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Building A Simple Battery Jumper Box - Junkyard Builder

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If you own more than a two performance cars, then having a portable battery pack is a quick and easy resource when a battery goes flat. We looked into several portable battery packs that offer additional features like a small 12-volt air compressor, a 12-volt cigarette lighter output terminal, and even a USB charging port for your iPod or portable telephone. Lost in all the hype around these packs is the pack's power source. We looked into them only to discover that all but the most expensive units use very small batteries with generally inadequate cold cranking amps and minimal reserve power. Our personal experience with these units is that if your car's battery is completely flat (which is why you need the jump in the first place), these little batteries usually don't have the power to adequately crank a strong compression-enhanced engine. Sure, you can find a jump box with enough beans to do the job, but they are generally priced in the $400-plus range. We decided to build our own for a lot less cash.

The key to a successful jump pack, if you haven't already guessed, is the power source. The plan is to use a battery with adequate cold cranking amps (CCA) combined with low internal resistance. This low resistance allows the battery to easily push the amps through the dead car's starting system and crank the starter motor. We did some research and Optima batteries offer some of the lowest internal resistance of any battery on the market. Our next step was to find a smaller and lighter battery that would be more portable than a 40-pound Red Top. We settled on an Optima yellow-top model D-51 that is narrower but most importantly weighs only 26 pounds. The key here is that while the battery is lighter and offers less reserve power, it has more than enough CCA to crank over even high-compression engines. We even did a test of this battery back in the Aug. '09 issue (“We Test It”) where we subjected a 10:1 compression small-block Chevy to 10, five-second cranking sessions over a period of one hour so we wouldn't overheat the starter motor. The smaller D-51 battery was still cranking at roughly the same starter speed at the end of the session as a fullsize Optima Yellow Top battery. This battery isn't cheap at $175.97 from Summit, but since we built the rest of our jump pack, we opted for a really good power source. The next step was to build a simple battery box to house the battery along with a 12-volt cigarette lighter outlet we could use for a portable electric tire pump or perhaps a 12-volt light source.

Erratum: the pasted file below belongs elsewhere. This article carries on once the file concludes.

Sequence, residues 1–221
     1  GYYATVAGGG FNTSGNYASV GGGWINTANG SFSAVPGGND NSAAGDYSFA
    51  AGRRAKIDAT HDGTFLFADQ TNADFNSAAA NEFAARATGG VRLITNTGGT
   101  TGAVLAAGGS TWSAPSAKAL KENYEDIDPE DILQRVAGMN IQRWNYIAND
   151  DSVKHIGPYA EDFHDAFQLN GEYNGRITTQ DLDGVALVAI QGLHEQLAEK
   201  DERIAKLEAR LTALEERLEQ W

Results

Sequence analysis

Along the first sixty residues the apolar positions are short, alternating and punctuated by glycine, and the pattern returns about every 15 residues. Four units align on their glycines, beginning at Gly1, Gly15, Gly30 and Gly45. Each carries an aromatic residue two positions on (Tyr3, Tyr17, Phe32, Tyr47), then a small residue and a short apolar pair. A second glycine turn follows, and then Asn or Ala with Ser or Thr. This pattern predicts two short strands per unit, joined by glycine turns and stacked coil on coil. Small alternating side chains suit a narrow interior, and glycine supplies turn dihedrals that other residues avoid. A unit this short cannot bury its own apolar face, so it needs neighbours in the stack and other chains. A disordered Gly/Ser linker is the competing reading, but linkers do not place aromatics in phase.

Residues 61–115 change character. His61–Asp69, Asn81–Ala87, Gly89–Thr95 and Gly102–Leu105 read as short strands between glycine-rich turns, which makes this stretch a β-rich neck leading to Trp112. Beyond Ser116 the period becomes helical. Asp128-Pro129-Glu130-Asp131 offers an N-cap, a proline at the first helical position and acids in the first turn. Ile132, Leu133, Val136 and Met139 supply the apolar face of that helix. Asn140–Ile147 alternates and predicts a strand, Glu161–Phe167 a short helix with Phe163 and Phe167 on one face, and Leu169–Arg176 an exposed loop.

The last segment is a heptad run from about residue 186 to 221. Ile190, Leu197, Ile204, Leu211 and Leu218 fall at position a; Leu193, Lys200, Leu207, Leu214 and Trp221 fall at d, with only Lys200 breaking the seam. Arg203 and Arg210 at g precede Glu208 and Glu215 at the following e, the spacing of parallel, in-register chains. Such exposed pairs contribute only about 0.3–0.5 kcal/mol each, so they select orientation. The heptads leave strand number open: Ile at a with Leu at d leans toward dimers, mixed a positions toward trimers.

There are wet-cell batteries you could use instead of the Optima, but we really like the yellow battery because it won't leak or vent acid and corrode our cool little homemade box. We've already put our jump pack to use when we forgot to close the passenger-side door on our Chevelle and the interior light drained the battery overnight. After building this jump pack, we realized it makes a great power source for our trips to the dragstrip and road course track days. There's always somebody who needs a quick jump.

Parts List

Description PN Source Price
Optima D-51 battery 9071-167 Summit Racing $175.97
Optima 4-amp charger 150-40008 Summit Racing 109.97
Red battery clamp 142501 Del City 3.35
Black battery clamp 142505 Del City 3.35
2/0 Ga. Battery cable 5200255 Del City 89.82 (25-foot)
Misc. metal NA Industrial Metal 40.00
12-volt power outlet NA eBay 6.95
Battery cable terminals EFXCBT048 Scosche 15.95 (ea.)

SOURCES
Del City
Milwaukee
WI
800-654-4757
www.delcity.net
Optima Batteries
5757 N. Green Bay Ave.
Milwaukee
WI  53209
888-867-8462
http://www.optimabatteries.com
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